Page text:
These developmental costs are essential if services are to have good governance and management practices and be able to innovate consider what we mean when we talk about ‘ongoing costs’, the appropriate model for recognising organisations’ core running costs and the span of state government departments the model might apply to. In preparation for this debate, TasCOSS has recommended in its 2014-15 Budget Priorities Statement that “the State Government hold an open dialogue with the community sector to agree a renewed model of government funding for purchasing community services and allocating grants for delivering community services across government departments that recognises the full costs of operation, management and leadership, compliance, service delivery and innovation, replacing the currently unclear and inadequate indexation formula”.

Lindsey Moffatt Manager, TasCOSS Sector Development

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Seeking asylum: the realities

While asylum seekers remain a political football, community sector organisations play a key role in supporting new arrivals

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n August 2013 TasCOSS held a public forum on the challenges people seeking asylum and humanitarian entrants face in Tasmania. The New Arrivals forum looked at the legal, practical and emotional challenges, the services currently available and services still needed. Two of the speakers, Al Hines, Manager of Migration Support Programs for the Red Cross in Tasmania, and James Norman,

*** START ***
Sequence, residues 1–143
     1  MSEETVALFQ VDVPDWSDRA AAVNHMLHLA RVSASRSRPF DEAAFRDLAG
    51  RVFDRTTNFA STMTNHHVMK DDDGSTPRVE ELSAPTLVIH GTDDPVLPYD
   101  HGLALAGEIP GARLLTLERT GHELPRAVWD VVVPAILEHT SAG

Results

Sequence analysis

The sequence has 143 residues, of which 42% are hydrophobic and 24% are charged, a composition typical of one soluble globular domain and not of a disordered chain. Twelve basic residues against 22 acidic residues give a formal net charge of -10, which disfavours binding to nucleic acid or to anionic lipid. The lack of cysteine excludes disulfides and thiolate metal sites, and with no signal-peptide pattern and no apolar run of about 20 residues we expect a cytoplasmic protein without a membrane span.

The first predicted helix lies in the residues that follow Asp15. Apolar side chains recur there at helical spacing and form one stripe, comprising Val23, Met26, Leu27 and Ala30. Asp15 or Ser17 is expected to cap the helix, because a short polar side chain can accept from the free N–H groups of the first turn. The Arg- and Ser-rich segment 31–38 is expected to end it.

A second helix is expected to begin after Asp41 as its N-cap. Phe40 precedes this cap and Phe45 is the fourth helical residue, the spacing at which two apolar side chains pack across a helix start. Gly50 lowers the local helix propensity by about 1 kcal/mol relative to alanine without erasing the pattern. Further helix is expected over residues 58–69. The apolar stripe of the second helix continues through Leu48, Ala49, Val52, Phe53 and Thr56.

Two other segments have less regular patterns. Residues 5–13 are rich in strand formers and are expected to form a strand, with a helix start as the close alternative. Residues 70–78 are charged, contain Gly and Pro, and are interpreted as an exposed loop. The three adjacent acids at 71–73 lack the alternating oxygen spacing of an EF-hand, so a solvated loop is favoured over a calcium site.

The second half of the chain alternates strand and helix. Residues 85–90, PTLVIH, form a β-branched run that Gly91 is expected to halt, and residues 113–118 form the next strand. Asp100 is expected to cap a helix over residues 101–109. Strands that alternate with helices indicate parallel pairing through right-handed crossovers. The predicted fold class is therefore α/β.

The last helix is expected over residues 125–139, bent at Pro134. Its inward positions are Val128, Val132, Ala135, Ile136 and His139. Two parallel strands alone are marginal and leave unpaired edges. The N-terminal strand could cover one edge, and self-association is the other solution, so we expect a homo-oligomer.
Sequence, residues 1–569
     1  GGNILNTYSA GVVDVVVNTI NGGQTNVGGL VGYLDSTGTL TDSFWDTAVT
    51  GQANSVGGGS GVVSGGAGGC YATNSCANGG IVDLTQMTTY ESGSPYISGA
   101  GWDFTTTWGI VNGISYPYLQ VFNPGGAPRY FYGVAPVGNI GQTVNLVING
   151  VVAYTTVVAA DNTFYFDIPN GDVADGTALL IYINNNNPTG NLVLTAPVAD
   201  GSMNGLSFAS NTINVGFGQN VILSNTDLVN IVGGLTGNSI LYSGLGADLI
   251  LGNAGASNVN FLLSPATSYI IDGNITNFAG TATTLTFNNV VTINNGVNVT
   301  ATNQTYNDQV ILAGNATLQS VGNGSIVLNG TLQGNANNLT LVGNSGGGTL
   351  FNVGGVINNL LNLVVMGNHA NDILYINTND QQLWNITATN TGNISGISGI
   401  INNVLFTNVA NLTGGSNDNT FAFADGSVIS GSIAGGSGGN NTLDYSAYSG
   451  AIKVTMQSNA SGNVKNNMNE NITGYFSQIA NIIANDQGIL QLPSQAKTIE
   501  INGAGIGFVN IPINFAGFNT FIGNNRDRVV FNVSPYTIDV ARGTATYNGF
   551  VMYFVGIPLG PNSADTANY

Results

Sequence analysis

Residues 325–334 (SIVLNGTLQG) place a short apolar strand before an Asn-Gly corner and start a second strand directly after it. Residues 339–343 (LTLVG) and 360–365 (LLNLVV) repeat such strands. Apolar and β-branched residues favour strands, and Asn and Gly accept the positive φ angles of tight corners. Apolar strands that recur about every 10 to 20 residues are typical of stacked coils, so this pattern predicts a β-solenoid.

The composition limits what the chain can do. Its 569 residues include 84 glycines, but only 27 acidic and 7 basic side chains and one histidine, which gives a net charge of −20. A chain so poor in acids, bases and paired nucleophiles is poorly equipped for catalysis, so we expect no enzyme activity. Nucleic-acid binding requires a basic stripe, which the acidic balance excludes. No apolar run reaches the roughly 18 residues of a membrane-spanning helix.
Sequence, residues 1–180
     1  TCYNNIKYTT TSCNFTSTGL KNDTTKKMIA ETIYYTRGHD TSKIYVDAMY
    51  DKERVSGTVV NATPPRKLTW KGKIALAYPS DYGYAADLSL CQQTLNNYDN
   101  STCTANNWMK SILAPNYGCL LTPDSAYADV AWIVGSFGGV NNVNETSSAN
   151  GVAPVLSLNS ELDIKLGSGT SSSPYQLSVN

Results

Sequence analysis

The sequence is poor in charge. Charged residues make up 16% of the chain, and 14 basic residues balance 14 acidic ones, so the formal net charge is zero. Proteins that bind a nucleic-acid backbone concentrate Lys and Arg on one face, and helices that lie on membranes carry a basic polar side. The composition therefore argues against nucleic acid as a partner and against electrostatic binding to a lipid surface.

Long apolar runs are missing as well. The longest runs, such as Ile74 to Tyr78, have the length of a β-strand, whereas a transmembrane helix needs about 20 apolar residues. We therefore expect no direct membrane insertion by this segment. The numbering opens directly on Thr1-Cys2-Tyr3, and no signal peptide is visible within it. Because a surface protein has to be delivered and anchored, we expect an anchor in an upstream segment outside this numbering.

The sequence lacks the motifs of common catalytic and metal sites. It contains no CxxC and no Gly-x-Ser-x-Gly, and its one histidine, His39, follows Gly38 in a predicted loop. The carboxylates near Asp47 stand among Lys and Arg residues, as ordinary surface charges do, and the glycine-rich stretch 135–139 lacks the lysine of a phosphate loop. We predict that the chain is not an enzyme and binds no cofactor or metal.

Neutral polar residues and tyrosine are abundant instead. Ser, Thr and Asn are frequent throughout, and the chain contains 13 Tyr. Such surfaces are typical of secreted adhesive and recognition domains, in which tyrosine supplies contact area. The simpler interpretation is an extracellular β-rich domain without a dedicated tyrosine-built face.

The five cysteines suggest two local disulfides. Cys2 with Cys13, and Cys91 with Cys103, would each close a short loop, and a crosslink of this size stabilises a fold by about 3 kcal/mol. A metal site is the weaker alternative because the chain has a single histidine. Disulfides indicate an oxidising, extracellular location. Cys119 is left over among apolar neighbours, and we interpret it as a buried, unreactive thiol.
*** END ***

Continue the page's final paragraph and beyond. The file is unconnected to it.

Manager of Humanitarian Settlement Services at Centacare Tasmania, attempted to give definitive outlines of their programs. But it is hard to be definitive – and extremely hard to forward plan for programs – when federal government policy shifts so frequently. For example, another speaker at the forum was an Iranian refugee who received a bridging visa prior to 13 August 2012. This means he is allowed to work.

But it is illegal for people granted bridging visas after 13 August 2012 to do paid work. (Volunteering is permitted.) Hobart teacher Emily Conolan, who set up the communitybased Tasmanian Asylum Seeker Support (TASS), spoke at the forum about the value of simple human kindness. The refugee’s presentation to the forum, reproduced opposite in edited form, illustrates this eloquently.